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11 Rochester Students Named National Merit Semifinalists

They are among 16,000 high school seniors nationwide to receive the distinction.

Officials from the National Merit Scholarship Corporation announced on Wednesday the names of 16,000 Semifinalists in the 58th Annual National Merit Scholarship Program.

Eleven Rochester students made the list, which represents less than 1 percent of high school seniors nationwide.

These high school seniors have an opportunity to continue in the competition for 8,300 National Merit Scholarships worth more than $32 million that will be offered next spring.

From Rochester and Rochester Hills, the following Semifinalists were named:

Rochester High School

  • Adhitya Venkatesh
  • Kelly L. Yu

Adams High School

  • Zhibin Deng
  • Kimberley E. Hamrick
  • Michelle G. Jin
  • Erica A. Liao
  • Gabrielle Thivierge 

Stoney Creek High School

  • Benjamin R. Bray 
  • Bradley C. Stanton
  • Kevin Zhu 

Homeschool

  • Holly R. Ryan

About 1.5 million juniors in more than 22,000 high schools entered the 2013 National Merit Scholarship Program last year by taking the 2011 Preliminary SAT/National Merit Scholarship Qualifying Test, which served as an initial screen of program entrants.

To become a Finalist, the Semifinalist and their high school must submit a detailed scholarship application in which they provide information about the Semifinalist’s academic record, participation in school and community activities, demonstrated leadership abilities, and honors and awards received.

A Semifinalist must have an outstanding academic record throughout high school, be endorsed and recommended by a high school official, write an essay, and earn SAT scores that confirm the student’s earlier performance on the qualifying test.

From the approximately 16,000 Semifinalists, about 15,000 are expected to advance to the Finalist level and in February they will be notified of this designation. All National Merit Scholarship winners will be selected from this group of Finalists. Merit Scholar designees are selected on the basis of their skills, accomplishments, and potential for success in rigorous college studies.

Are you the parent of a National Merit Semifinalist? Upload a photo here.

Joshua Raymond September 14, 2012 at 05:23 PM
Mike, you sure get a lot of people who sign up with an untraceable name, put one post on to attack you, and then disappear into the ether. Or maybe it's just one person doing this over and over and over. I wonder when Patch will move to Facebook logins exclusively to cut down on this behavior.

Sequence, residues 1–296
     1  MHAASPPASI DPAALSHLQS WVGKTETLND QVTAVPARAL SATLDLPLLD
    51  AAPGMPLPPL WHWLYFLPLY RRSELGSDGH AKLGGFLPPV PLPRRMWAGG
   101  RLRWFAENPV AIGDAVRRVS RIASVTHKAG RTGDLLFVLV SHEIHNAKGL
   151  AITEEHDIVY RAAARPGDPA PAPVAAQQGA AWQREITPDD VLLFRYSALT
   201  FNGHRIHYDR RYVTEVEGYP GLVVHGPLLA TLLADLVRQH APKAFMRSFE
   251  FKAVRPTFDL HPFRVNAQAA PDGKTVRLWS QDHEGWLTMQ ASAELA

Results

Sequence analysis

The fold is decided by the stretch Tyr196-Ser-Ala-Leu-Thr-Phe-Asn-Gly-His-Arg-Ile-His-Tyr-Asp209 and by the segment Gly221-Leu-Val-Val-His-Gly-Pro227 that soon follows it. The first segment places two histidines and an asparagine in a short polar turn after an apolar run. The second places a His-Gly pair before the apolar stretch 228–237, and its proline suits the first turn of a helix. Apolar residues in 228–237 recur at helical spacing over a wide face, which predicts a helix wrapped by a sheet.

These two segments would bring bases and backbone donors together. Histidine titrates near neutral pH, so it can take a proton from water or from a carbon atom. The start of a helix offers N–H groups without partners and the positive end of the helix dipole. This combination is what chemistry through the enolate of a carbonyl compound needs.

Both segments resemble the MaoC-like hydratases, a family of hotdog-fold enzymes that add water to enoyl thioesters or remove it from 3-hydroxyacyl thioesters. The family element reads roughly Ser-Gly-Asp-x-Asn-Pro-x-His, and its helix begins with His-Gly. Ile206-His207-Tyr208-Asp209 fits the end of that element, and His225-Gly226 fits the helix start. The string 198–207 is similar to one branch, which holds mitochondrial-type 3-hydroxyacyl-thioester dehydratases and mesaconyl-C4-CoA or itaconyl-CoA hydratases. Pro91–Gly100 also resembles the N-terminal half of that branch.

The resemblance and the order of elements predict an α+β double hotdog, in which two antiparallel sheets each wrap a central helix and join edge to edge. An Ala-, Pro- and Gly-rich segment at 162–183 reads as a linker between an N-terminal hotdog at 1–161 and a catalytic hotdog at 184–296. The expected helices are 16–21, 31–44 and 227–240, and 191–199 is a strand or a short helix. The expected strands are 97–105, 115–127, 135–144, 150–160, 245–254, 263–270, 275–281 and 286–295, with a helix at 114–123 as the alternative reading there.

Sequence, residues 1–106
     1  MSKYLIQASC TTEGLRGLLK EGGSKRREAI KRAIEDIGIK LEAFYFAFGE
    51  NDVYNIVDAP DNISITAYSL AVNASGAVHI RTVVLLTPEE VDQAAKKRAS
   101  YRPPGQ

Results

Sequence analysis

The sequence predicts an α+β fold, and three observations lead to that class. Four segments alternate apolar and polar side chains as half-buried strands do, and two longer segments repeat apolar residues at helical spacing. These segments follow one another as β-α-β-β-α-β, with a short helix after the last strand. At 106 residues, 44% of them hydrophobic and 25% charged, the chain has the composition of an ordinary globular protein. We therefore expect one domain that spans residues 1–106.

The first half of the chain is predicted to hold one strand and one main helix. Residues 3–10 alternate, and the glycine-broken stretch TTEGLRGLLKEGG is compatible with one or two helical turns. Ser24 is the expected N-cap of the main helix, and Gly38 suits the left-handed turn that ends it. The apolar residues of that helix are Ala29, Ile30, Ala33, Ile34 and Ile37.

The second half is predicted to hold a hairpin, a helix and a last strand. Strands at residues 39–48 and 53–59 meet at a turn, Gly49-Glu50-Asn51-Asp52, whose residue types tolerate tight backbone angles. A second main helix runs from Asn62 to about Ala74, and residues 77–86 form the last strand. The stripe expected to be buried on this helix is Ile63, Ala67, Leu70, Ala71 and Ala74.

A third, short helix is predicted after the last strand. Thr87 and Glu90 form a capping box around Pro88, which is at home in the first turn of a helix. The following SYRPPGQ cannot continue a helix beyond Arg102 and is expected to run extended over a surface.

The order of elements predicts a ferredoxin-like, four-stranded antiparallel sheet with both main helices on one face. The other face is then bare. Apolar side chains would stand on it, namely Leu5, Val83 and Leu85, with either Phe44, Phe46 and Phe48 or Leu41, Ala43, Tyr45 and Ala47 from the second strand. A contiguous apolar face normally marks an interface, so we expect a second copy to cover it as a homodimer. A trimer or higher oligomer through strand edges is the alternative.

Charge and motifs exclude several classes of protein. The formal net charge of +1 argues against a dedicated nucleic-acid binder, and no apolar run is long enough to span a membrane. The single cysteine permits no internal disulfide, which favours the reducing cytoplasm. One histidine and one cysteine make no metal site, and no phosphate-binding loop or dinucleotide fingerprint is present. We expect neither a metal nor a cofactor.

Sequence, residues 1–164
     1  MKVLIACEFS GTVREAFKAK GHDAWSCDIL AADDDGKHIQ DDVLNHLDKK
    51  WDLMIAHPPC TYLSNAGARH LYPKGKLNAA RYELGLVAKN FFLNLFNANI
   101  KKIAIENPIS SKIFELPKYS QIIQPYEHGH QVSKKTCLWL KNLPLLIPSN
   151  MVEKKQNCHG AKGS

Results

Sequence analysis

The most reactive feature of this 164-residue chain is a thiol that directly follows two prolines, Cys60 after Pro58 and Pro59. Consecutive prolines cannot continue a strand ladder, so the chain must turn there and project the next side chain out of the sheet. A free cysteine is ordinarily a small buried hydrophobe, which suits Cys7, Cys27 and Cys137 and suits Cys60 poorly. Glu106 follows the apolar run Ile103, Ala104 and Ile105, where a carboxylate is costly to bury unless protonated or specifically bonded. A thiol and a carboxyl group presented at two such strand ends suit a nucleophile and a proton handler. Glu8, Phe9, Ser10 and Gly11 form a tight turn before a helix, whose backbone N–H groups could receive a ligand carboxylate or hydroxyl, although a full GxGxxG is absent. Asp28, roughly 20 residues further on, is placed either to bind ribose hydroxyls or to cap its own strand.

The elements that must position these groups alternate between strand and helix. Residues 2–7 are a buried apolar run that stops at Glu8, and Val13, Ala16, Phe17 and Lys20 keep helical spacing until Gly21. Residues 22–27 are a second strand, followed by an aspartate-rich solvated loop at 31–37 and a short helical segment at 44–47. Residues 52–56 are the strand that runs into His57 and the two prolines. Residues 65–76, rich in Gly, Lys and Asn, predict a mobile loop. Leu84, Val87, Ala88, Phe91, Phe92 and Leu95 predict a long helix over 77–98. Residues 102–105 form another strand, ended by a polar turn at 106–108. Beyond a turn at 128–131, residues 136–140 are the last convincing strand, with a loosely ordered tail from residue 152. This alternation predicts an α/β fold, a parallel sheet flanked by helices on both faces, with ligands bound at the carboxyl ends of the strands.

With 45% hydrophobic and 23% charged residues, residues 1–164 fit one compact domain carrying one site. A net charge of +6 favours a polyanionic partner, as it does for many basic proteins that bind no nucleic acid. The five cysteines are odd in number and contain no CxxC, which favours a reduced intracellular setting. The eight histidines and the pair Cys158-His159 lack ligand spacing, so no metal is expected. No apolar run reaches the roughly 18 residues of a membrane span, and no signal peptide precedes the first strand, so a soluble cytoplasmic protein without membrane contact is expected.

Mike Reno September 14, 2012 at 05:47 PM
What sort of support would you have in mind, Keith? I donated five years of my life to the school board, as well as countless hours trying to identify, document, and share potential improvements, I also donated thousands of dollars. If what you want is public praise for the district... then you must not read the things I write. I do offer praise when it's earned, which, unfortunately for our kids, is not that often. If you want hollow praise... look elsewhere. The school board folks typically strain their arms patting themselves on the back.
Keith September 14, 2012 at 06:04 PM
OK. I get it. Jimmy Carter like. You must love him. Monday morning QB. My kid is doing just fine and his teachers are great. I will definitely take a look into your 5 years on the school board and evaluate them. I'm sure your record is flawless. Why only 5 years?
Joshua Raymond September 14, 2012 at 07:52 PM
Keith, RCS is a great district for the vast majority of kids. However, there are groups of kids that the district needs to improve services for. High-ability learners, the ones referenced in this article, is one of these groups. Many of us are glad for Mike's vocal support of these students. I believe it is because more parents have been vocal that we are seeing the Board of Education and the district administration increase discussion - and hopefully action - on this topic.
Daryl Patrishkoff September 15, 2012 at 11:14 AM
Congratulations to these students, they should be proud of their accomplishments. The dialog by Mike and Joshua is to compare our metrics and performance to other schools systems is fair. I laugh at the “anonymous” posts that take cheap shots at them, all we can guess is they are afraid to say who they really are to hide their hidden agenda. In other words, they are meaningless noise. Metrics are great things to see how you are performing and how to improve. This is a continuous improvement mentality, what is wrong in challenging all to get better? Metrics are the way to do this. If the test is bad, then it is bad for the other communities that scored higher for comparison reasons. Are the scores only skewed for RCS, or all systems? The data says a closer look is necessary. How about focusing on continuous improvement in our own backyard which will continually providing more value. No person or organization is perfect, so we all have improvements to make, that is what makes a great organization, a continuous improvement mentality. You are never done improving.

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